In America’s busiest oil field, roughly $1 million worth of natural gas goes to waste each day.

Shale drillers in the Permian Basin of Texas and New Mexico say they have no way to move their gas – a byproduct of oil drilling – to market because there aren’t enough natural-gas pipelines. Instead, they are getting rid of the excess gas by setting it on fire, a practice known as flaring.

Companies flare about three percent of the gas they extract in the Permian. But production in the basin is so high that the volume of gas burned every day would be large enough to supply the daily needs of states such as Montana or New Hampshire, by some estimates. The flaring also produces greenhouse gas emissions equivalent to 2 million cars.

Shale drillers are flaring with the consent of state regulators. Until more natural-gas pipelines and storage facilities are added, the only alternative to burning gas would be to reduce some of the area’s lucrative oil production, which has supercharged the region’s economy and boosted overall US crude output to a record of around 11 million barrels a day.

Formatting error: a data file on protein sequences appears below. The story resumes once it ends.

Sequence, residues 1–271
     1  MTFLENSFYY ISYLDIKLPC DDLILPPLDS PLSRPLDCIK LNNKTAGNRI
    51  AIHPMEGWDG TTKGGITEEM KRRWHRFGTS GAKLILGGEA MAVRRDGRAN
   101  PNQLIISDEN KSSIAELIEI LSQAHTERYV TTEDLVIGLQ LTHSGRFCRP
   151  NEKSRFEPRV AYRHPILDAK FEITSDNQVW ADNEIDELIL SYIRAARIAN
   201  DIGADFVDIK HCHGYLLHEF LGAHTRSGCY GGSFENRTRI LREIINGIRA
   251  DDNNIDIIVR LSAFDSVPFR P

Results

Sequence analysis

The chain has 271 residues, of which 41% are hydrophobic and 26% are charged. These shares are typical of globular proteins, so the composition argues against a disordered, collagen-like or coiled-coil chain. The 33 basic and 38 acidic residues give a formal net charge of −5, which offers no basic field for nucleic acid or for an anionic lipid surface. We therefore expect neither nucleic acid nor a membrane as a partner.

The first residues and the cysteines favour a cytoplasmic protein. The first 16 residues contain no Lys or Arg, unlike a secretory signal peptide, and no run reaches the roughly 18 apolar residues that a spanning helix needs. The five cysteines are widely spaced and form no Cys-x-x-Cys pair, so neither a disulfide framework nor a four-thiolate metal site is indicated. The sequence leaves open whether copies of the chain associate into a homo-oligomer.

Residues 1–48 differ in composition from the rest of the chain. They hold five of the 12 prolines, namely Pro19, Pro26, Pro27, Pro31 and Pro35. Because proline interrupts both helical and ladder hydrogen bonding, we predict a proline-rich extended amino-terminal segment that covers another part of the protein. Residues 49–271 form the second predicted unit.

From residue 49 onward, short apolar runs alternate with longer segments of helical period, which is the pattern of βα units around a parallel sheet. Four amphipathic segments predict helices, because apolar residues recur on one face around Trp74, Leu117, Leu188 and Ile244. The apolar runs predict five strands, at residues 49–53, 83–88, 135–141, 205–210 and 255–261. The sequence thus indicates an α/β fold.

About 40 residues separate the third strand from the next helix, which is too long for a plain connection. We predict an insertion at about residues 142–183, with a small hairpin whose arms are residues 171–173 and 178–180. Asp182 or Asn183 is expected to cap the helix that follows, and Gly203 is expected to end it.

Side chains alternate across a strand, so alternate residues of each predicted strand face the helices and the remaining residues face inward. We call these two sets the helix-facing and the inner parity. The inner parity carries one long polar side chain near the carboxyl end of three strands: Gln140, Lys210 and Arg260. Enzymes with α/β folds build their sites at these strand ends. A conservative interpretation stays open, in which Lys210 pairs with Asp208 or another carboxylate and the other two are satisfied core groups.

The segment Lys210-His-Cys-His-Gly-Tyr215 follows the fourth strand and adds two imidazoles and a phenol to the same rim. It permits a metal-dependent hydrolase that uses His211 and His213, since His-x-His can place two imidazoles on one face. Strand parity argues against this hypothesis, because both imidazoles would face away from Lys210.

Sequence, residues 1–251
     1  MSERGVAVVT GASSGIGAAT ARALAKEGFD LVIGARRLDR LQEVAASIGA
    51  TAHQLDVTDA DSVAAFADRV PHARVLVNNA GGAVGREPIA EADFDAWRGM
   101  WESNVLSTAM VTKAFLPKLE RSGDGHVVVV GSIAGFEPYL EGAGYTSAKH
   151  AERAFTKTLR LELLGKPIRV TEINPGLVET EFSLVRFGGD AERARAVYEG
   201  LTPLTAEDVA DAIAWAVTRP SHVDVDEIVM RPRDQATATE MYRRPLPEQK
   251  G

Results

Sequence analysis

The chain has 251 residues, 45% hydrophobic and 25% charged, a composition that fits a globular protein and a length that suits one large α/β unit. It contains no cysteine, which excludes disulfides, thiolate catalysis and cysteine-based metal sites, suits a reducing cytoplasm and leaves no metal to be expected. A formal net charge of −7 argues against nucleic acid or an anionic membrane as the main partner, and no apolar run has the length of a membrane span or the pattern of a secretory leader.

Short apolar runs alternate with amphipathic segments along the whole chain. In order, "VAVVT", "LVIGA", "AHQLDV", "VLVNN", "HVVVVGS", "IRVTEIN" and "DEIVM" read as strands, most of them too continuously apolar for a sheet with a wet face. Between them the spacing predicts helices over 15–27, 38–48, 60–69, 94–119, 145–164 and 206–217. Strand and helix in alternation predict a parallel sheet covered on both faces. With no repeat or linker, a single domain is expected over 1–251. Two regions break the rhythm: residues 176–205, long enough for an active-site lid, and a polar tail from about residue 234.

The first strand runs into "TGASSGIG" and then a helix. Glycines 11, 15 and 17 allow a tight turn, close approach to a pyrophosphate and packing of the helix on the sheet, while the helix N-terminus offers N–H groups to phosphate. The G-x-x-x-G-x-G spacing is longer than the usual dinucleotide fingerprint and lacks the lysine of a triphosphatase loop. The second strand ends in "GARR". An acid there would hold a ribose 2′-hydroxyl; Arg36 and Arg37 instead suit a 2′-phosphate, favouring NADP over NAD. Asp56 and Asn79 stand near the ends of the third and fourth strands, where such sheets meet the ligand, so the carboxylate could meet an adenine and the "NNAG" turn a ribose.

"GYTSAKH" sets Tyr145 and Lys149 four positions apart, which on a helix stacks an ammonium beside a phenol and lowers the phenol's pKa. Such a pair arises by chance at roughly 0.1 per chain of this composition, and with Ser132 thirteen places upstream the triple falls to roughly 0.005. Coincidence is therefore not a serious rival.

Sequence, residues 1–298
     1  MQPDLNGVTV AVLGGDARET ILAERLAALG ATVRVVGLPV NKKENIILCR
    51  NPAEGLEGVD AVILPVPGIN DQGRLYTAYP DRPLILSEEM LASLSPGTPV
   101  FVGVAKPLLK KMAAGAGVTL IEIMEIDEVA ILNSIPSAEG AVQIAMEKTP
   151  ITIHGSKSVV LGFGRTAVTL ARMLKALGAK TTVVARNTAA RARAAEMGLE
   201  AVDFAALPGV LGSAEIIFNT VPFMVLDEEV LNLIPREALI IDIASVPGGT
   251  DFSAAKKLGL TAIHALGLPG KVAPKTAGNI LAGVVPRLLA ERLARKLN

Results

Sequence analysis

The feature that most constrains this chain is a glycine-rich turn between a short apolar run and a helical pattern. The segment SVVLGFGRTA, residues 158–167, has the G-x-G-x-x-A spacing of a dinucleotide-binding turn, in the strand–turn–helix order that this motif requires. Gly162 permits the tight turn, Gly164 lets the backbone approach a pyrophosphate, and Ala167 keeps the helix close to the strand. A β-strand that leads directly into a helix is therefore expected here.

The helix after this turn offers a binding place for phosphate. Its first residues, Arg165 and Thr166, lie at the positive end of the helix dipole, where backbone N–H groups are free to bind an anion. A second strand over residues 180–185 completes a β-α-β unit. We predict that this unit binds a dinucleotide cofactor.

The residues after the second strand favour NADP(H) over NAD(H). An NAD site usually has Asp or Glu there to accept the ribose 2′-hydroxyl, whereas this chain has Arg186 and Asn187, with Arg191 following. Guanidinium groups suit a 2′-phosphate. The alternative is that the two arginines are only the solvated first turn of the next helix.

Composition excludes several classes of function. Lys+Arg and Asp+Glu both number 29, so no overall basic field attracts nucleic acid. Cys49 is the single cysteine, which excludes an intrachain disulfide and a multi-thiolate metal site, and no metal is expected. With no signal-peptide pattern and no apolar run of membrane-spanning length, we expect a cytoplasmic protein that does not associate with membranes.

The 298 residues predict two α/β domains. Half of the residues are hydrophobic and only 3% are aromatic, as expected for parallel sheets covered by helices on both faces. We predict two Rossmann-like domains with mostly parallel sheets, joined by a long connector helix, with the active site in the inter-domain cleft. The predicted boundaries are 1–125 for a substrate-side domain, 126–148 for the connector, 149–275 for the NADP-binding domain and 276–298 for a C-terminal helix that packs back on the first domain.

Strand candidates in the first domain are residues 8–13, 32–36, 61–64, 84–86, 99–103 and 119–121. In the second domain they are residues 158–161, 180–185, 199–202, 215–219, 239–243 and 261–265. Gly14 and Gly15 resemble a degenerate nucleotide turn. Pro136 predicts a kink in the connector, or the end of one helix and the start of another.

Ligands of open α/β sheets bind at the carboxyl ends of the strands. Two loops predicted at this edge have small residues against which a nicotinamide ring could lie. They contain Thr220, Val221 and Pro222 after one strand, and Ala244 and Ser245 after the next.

Texas officials say they expect the issue to resolve itself eventually once the necessary infrastructure is built.

But flaring is poised to worsen in coming years as companies rush in to pump more oil from the Permian. While oil fetches about $69 a barrel, natural gas currently sells for less than $3 a million British thermal units and has become a largely unwanted side effect of the region’s oil boom.

Flaring topped 320 million cubic feet a day in the second quarter, according to an analysis of public data compiled by Rystad Energy, an energy consulting and research firm. The data combine the gas that was burned or released directly into the atmosphere – a practice known as venting, which is worse for the environment than flaring.

An analysis of demand data from the Energy Information Administration also shows that the gas burned in the Permian every day exceeds the daily consumption of many small states.

As Permian oil output continues to grow, Rystad Energy predicts flaring will more than double in the next year, and won’t substantially drop until at least late 2019, when new gas pipelines are set to start operating.

Royal Dutch Shell, which has pledged to eliminate “routine” flaring by 2030, flared at among the highest rates of large Permian gas producers in the first half of the year. The company burned about seven percent of the gas it produced in the basin during the second quarter, down from nine percent during the first quarter, according to Rystad Energy.

Venetta Seals, mayor of Pecos, which depends economically on Texas oil and gas, said she views the combustion as inevitable: “What other options are there? Without the infrastructure being here, the only other solution is what, they stop drilling? That would certainly turn things upside down out here if that were to stop happening.”